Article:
After a typical full week I decided to remain in the house Friday night and today, Saturday. Having blocks of time for study/reading is difficult to find and need to be actively sought.
There is something very simple and wholesome about the Friday nights here. Vespers are prayed at 6:45 followed by dinner which usually consists of tuna salad, sliced tomatoes, fresh mozzarella cheese, bread, soup, and vegetarian pizza. Simple, but also one of the best meals served here, in my opinion.
At 8:00 PM, Archbishop Donald Wuerl of Washington D.C. came to the house to give us his impressions of the Synod on the Word of God that concludes officially with Mass tomorrow, celebrated by Benedict XVI. Archbishop Wuerl was one of four bishops from the U.S. delegation.
He began his talk with an overview of the history of synods. The idea of the modern synod was born out of the desire of Paul VI to continue the good discussions, deliberations, and insights found during the Second Vatican Council when all the bishops of the world gathered. Originally, a synod lasted four weeks and each bishop delegate was allowed eight minutes to speak to the entire group, then it went to 6 minutes.
Benedict XVI shortened the length of the synod to three weeks and the individual time allowance to five minutes. Archbishop Wuerl joked that the Holy Father did this after having to spend years and years listening to synod participants as a bishop and cardinal.
After gathering as an entire group for two weeks, the synod participants break into language groups of English, Spanish, French, German, and Italian, and there they discuss particular statements they believe are important for the life of the Church. These statements are eventually voted upon and submitted to the Holy Father who has the task of writing a post-synodal apostolic letter. Today, the last day of the synod, the bishops will vote-in 12 members and the Holy Father will appoint 3 others to form a council whose task it is to assist the Holy Father in the creation of the apostolic letter.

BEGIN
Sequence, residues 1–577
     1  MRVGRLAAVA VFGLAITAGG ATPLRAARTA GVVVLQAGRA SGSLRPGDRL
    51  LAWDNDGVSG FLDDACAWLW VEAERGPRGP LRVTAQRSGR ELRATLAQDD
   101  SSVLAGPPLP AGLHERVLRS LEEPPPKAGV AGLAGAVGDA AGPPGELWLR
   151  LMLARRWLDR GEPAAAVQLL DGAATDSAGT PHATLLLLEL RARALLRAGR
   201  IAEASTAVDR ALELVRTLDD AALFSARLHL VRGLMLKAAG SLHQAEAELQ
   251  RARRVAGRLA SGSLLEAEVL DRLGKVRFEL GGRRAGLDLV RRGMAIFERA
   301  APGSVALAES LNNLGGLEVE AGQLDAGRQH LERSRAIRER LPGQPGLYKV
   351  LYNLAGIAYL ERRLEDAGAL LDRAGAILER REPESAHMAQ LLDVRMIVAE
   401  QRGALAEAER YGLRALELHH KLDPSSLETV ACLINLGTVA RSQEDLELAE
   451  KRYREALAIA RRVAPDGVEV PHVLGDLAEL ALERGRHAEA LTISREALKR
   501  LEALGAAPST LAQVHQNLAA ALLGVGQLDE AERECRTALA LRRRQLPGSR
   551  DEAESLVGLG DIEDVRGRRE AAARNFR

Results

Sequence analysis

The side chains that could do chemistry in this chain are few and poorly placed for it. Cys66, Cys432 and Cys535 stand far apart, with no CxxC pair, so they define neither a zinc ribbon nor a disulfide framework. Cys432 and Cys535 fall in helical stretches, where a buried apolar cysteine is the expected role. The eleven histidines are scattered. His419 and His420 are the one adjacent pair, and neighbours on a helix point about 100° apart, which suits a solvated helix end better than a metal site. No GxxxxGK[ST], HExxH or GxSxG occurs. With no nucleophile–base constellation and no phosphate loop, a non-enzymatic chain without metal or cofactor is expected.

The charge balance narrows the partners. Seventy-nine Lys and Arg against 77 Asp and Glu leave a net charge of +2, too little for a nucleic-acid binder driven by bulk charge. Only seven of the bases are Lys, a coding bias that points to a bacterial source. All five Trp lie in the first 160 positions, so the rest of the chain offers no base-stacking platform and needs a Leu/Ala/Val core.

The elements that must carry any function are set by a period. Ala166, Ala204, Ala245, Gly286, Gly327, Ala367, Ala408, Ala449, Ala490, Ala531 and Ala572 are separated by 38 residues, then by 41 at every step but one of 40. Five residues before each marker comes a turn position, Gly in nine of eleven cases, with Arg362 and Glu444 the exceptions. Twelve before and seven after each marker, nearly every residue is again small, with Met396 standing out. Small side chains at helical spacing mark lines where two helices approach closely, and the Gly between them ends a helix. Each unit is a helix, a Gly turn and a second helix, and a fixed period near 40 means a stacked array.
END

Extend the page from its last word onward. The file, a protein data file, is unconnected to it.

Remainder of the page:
Archbishop Wuerl mentioned that along with the bishops, lay men and women who are either "experts" or "auditors" fully participate in the synod, though their time allowance before the entire body, including the Holy Father, is limited to three minutes.
Archbishop Wuerl mentioned that whereas at the last synod, on the Eucharist, the Holy Father made one discussion intervention, on the link between the Passover Meal, the Last Supper, the Eucharist, and the Sacrifice of the Mass, at this synod he made a discussion intervention on the role of a historical/critical method of Scripture and the pastoral/theological exegesis of Scripture. Both, he said, are needed, but the former is a tool, at the service of, the latter.
Archbishop Wuerl was moved by the universality of the gathering, how the Church is no longer mainly European and North American in make-up, and that it is a great testament to the Holy Spirit that in a world where there exist 7000 languages and after 2000 years of history, all those participants shared the same faith, the same baptism, rooted in the same Jesus Christ.
He suspects the post-synodal apostolic letter to be issued by next year and that it will include a lengthy portion directed to priests whose task it is to preach the Word of God in the homily, a priviledged moment in the liturgy.